Director: Kabir Khan
Writers: S Hussain Zaidi (novel), Kabir Khan and Parveez Shaikh
Producers: Nadiadwala Grandson and UTV Motion Pictures
Cast: Saif Ali Khan, Katrina Kaif, Sabyasachi Chakrabarty, Mohammed Zeeshan Ayyub,
Release Date: August 28, 2015
Rating: * * * ½
Review By: Keyur Seta
Neeraj Pandey’s Baby created a new benchmark for action thrillers in Hindi cinema. Now, Kabir Khan’s Phantom continues the legacy. Although it doesn’t turn out to be as great as Baby, it surely carries off the torch of quality action thrillers.
The film centers on the infamous and deadly 26/11 terrorist attack of 2008. It has been seven years since the attack, but its masterminds, including Haaris Saeed (based on Hafiz Saeed), are still not punished; not even arrested. India’s Research and Analysis Wing (RAW) team, headed by Roy (Sabyasachi Chakrabarty), is concerned about this.
Roy’s subordinate (Mohammed Zeeshan Ayyub) suggests a dangerously risky operation to kill the perpetrators of the 26/11 attack. They zero-in on Daniyal Khan (Saif Ali Khan), an ex-army man living a life of solitude. Nawaz (Katrina Kaif), a security consultant, becomes a part of Daniyal’s mission. The film is based on author S Hussain Zaidi’s novel Mumbai Avengers.
Phantom has all the necessary elements needed to satisfy fans of the action genre – a fearless protagonist on a super dangerous mission, witty antics, twists and lots of chase and action sequences. The new-age or international level of technicalities (stunts, cinematography and editing) is also largely responsible for the result achieved.
But the film is not limited to being a bang-bang ride. It also works on an emotional level with the 26/11 angle, which makes it relatable to not only Mumbaikars but also Indians. Watch out Ayyub’s monologue on the attack. Plus, Kabir Khan’s special touch is clearly noticeable in the writing as well as presentation. His manner of using flashback at the start was a smart move.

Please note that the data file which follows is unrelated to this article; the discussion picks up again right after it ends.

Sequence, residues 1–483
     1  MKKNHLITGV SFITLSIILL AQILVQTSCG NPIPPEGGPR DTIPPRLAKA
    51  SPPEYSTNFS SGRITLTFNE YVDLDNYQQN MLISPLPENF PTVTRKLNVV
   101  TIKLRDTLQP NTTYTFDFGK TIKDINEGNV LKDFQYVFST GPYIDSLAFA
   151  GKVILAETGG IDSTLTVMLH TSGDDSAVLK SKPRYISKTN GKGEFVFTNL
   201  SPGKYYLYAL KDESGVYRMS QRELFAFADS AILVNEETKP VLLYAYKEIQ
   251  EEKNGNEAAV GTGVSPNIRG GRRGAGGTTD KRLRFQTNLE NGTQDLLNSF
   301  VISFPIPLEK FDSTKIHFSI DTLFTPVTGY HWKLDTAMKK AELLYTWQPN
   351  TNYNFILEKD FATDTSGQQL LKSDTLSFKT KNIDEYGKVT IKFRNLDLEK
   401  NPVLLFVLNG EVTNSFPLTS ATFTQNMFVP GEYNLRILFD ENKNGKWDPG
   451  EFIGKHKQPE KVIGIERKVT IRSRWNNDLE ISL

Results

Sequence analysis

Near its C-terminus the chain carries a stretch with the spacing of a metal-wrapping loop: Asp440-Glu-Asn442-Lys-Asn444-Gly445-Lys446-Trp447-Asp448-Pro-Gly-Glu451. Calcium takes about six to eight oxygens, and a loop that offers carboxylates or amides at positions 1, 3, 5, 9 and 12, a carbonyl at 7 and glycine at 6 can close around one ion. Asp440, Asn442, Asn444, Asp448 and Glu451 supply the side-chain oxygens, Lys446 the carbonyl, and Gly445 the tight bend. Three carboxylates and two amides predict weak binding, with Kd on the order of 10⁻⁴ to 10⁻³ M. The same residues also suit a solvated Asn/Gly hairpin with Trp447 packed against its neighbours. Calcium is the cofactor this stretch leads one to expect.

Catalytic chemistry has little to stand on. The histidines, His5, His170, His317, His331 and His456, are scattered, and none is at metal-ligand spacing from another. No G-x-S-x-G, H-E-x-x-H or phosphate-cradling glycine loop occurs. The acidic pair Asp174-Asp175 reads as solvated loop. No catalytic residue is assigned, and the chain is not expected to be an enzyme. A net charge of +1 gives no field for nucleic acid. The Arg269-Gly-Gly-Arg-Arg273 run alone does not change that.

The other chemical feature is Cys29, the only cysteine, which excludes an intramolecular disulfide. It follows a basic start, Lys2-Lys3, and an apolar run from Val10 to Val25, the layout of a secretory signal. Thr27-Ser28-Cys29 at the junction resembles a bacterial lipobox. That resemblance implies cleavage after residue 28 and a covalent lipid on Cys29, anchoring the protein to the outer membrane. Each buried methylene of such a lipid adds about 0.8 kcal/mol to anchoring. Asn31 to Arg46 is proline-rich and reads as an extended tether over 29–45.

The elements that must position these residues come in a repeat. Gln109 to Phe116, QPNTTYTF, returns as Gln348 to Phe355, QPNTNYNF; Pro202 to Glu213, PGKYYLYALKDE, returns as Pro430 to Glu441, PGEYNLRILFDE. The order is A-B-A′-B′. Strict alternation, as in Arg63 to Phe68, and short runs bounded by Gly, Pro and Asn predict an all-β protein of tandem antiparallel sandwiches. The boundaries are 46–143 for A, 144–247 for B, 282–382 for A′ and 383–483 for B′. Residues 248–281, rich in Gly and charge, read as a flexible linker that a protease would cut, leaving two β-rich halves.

The film, however, could have achieved a lot more but for some weak points. At times, the cinematic liberty is taken too far, apart from the usual flaws one finds in action flicks. But what affects Phantom the most is the climax. It was vital for the film to end on a more overwhelming and exciting note.
Surprisingly, few songs like ‘Afghan Jalebi’ and ‘Nachda’ can boast of being impressive. It is surprising as to why the makers didn’t promote the latter.
The performances aren’t consistent. Saif Ali Khan pulls off the character, although he isn’t as good as he should be. What to say about Katrina Kaif? She keeps irritating film after film with her poor acting skills. Mohammed Zeeshan Ayyub and Sabyasachi Chakrabarty offer good support. Sohaila Kapur is very appealing in a limited role and so is the actor playing Haaris Saeed.
Overall: Phantom is an impressive ride for action lovers. The film has a decent chance of earning well at the box office.
Director: Ketan Mehta
Producers: Viacom 18, Maya Movies and NFDC
Writer: Ketan Mehta
Cast: Nawazuddin Siddiqui, Radhika Apte, Tigmanshu Dhulia, Pankaj Tripathi, Ashraful Haque
Music: Sandesh Shandilya
Release Date: August 21, 2015
Rating: * * *
Review By: Keyur Seta
Dashrath Manjhi was an ordinary poor man who undertook the extraordinary and impossible task of breaking a hard-rocked mountain to make road for the needy, and even succeeded in it. This became the single mission of his life after his wife succumbed to injury as she couldn’t be taken to a hospital on time due to the presence of a mountain in front of their village in Bihar.
To make a movie on such a subject is a herculean task. Director Ketan Mehta’s Manjhi – The Mountain Man does justice to the real Manjhi. But the credit should go more to Nawazuddin Siddiqui for his mind-blowingly dedicated act. The film as a whole turns out to be just a one-time watch due to some problem areas. It doesn’t quite match the expectations.
Manjhi – The Mountain Man is filled with moments that are not only appealing but also heart-wrenching. Manjhi’s dedication for his unthinkable mission even during the most inhuman of conditions moves you. It makes you wonder about the inner-strength of the real Manjhi.